1. W.W. Jacobs, The Monkey’s Paw. Straightforward but unforgettable horror classic. Be careful what you wish for…

2. Edgar Allen Poe, The Fall of the House of Usher. I was torn between this story and The Cask of Almontillado, which actually is (to me) scarier. But The Fall of the House of Usher is perhaps the first short gothic tale and one of Poe’s great works of craft, characterized by many as a story wherein each and every detail is relevant.

3. Nathaniel Hawthorne, Rappacini’s Daughter. This story is the stewpot of horror tales: smatterings of fantasy mixed with dashes of gothic, simmering with sexual undertones. Toss in a Faustian father and season with plenty of symbology. (Hey, what about a Rappacini's Daughter Bed & Breakfast?) Bon appetit!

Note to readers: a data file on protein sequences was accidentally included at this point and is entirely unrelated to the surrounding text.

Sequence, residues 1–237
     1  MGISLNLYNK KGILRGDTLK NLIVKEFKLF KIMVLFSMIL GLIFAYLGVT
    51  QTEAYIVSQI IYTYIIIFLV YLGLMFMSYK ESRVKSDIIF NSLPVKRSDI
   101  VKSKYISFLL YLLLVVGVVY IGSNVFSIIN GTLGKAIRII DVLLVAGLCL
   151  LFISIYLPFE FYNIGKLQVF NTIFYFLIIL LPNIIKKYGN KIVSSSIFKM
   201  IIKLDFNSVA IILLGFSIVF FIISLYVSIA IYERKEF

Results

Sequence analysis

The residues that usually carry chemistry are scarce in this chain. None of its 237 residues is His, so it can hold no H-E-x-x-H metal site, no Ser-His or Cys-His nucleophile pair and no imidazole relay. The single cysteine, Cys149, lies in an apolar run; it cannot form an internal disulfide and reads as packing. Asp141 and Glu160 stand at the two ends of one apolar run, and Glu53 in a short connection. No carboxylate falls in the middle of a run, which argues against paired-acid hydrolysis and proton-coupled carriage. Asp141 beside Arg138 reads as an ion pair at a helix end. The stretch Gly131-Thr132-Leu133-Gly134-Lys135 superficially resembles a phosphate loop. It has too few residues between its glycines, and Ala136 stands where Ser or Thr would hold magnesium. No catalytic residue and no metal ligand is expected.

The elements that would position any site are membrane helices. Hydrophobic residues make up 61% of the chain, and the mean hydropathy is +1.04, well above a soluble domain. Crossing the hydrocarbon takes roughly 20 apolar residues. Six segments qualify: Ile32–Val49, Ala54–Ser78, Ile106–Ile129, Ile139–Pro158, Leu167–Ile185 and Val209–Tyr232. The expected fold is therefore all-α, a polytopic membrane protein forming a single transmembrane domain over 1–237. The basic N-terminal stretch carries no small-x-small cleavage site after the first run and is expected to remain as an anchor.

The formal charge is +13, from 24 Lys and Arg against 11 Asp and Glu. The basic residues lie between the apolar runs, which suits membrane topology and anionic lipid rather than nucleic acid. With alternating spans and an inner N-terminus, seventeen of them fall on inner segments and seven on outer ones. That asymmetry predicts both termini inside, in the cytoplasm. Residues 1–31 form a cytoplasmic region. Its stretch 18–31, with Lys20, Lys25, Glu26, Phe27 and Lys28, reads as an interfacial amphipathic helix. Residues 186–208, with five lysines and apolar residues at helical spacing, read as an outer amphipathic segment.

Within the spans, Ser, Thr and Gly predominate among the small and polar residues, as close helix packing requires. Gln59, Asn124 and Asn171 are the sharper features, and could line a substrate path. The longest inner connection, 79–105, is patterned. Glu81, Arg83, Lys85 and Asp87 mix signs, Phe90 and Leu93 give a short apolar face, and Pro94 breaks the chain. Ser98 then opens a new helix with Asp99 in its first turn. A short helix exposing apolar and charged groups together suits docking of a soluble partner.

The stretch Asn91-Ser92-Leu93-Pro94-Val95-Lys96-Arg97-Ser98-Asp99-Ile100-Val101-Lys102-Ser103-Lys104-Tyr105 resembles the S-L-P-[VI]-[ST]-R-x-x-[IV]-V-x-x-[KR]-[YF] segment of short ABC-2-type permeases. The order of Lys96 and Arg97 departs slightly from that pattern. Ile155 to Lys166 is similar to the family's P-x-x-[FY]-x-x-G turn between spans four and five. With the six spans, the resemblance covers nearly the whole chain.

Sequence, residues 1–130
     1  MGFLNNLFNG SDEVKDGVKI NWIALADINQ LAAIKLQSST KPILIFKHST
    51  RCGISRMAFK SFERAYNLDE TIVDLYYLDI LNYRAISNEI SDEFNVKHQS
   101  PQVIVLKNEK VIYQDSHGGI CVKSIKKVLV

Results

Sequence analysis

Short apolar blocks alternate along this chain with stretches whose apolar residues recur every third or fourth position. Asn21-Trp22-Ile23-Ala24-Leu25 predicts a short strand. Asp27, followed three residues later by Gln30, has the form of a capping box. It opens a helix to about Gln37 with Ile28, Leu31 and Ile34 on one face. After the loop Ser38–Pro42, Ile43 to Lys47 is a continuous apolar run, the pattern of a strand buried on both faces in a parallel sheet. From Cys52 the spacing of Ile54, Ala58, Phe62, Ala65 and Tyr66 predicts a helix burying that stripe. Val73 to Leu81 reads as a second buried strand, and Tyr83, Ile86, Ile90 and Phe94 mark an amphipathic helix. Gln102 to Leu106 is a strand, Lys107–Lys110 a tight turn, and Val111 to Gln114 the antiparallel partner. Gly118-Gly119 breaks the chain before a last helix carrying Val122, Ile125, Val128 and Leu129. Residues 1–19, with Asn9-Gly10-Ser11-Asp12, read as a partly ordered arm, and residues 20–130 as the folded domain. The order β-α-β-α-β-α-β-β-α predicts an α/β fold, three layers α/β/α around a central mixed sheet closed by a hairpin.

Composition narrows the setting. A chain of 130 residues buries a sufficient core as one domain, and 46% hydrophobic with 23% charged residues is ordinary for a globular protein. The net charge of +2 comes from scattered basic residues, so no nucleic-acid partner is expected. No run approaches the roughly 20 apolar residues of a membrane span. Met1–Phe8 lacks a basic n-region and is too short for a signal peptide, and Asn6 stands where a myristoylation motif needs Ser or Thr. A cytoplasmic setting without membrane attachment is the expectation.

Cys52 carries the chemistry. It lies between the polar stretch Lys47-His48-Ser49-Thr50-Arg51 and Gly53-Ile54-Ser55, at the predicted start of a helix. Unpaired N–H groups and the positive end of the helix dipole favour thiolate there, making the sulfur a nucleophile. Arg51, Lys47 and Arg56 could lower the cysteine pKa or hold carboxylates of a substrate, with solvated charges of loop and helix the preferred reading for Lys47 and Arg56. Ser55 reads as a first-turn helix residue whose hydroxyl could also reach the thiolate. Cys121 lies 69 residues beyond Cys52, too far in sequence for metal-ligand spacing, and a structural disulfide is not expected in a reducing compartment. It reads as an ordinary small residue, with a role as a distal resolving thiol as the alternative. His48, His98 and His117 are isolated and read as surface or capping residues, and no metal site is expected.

4. Shirley Jackson, The Lottery. Often anthologized, this story is considered a masterpiece of the literary short story genre. And it happens to be authentically creepy.

5. Jerome Bixby, It’s a Good Life! I read this in one of Alfred Hitchcock’s anthologies when I was a kid, and I never forgot it. (Too bad Haley Joel Osment is all grown up. He would have made a perfect Anthony!)

6. Philip K. Dick, We Can Remember It for You Wholesale. This tale gives a whole new meaning to the phrase “Is it live, or is it Memorex?” (The film Total Recall was based on this work.) I’m not a sci-fi buff, but Philip K. Dick is a master storyteller, particularly in the difficult arena of short science fiction. This particular story is sometimes categorized as a novella, rather than a short story – I’m including it here nevertheless because Dick simply must be read.

7. Guy de Maupassant, The Horla. For the truly twisted, check out this author, who has written a whole slew of fantastic and often macabre tales. This one happens to be a psychological tour-de-force about madness.